Organized labor activists continued to report that the annual requirement to provide the Ministry of Labor a membership roster was onerous and infringed on freedom of association. They alleged the ministry removed member names from the rosters for political purposes, particularly if members were not registered to vote with the CNE. Labor leaders also criticized the laborious and costly administrative process of requesting CNE approval for elections and subsequent delays in the CNE’s recognition of such union processes. In addition there reportedly was a high turnover of Ministry of Labor contractors, resulting in a lack of timely follow-through on union processes. Labor unions in both the private and public sectors noted long delays in obtaining CNE concurrence to hold elections and in receiving certification of the election results, which hindered unions’ ability to bargain collectively.

The government continued to support many “parallel” unions, which sought to dilute the membership and effectiveness of traditional independent unions. In October, Labor Minister Eduardo Pinate announced the expansion of the ministry’s Youth Worker Program (Chamba Juvenil), which independent union leaders claimed was a government mechanism to displace independent workers with government-aligned workers and also to suppress wages, since youth are paid less than experienced workers. In general these government-supported unions were not subject to the same government scrutiny and requirements regarding leadership elections. The government excluded from consideration other, independent union federations, including the Confederation of Venezuelan Workers, General Confederation of Venezuelan Workers, Confederation of Autonomous Unions of Venezuela, and National Union of Workers.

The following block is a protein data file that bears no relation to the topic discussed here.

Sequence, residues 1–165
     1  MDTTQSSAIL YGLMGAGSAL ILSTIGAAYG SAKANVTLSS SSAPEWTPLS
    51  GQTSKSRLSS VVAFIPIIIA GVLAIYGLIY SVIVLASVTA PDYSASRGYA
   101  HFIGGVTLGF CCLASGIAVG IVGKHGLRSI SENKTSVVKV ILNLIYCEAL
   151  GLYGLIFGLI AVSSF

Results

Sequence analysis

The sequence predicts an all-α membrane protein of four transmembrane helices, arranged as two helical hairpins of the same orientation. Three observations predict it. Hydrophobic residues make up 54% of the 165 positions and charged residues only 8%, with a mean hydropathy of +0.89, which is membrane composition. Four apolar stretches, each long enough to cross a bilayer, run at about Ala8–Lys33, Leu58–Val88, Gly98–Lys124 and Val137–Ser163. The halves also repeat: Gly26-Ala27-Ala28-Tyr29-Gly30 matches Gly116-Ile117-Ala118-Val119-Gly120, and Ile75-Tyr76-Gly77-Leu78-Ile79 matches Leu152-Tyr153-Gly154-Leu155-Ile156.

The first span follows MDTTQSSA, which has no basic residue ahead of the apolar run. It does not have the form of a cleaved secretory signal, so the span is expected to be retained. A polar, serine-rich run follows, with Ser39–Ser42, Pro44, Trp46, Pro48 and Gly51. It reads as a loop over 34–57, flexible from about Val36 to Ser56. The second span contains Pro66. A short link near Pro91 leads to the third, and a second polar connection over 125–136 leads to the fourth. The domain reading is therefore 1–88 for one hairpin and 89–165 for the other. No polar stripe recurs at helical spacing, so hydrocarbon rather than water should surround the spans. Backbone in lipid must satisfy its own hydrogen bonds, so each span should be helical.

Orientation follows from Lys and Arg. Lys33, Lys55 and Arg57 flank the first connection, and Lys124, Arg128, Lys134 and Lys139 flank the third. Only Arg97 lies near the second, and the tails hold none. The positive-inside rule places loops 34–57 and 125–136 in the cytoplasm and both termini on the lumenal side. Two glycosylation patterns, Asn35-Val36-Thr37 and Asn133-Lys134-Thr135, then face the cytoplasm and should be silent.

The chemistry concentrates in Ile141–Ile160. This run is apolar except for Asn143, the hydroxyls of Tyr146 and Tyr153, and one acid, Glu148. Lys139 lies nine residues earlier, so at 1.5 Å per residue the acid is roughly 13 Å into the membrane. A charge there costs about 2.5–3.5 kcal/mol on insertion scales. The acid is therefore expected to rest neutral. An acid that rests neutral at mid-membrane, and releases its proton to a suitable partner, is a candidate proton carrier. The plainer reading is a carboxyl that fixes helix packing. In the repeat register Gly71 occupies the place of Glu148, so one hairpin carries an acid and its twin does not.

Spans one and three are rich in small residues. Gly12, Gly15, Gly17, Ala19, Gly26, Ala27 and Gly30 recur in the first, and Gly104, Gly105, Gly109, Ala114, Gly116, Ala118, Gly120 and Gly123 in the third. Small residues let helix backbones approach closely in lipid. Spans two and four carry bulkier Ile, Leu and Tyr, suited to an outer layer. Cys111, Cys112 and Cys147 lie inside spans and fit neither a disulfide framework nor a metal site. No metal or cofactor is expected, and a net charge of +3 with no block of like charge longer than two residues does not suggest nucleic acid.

The government continued to refuse to adjudicate or otherwise resolve the cases of 19,000 employees of the state oil company (PDVSA) who were fired during and after the 2002-03 strike. The Ministry of Labor continued to deny registration to the National Union of Oil, Gas, Petrochemical, and Refinery Workers.

The concept of striking, demonized since the 2002 national security law, was used periodically as a political tool to accuse government opponents of coup plotting or other destabilizing activities. Some companies, especially in the public sector, had multiple unions with varying degrees of allegiance to the ruling party’s version of the “socialist revolution,” which could trigger interunion conflict and strife. In August striking regional union leaders of Corpoelec (a state-owned electricity operator) complained national union leaders failed to negotiate in good faith on behalf of striking workers demanding wage increases. Corpoelec regional union leaders alleged national union leaders were progovernment “chavistas” and therefore beholden to the government for political reasons.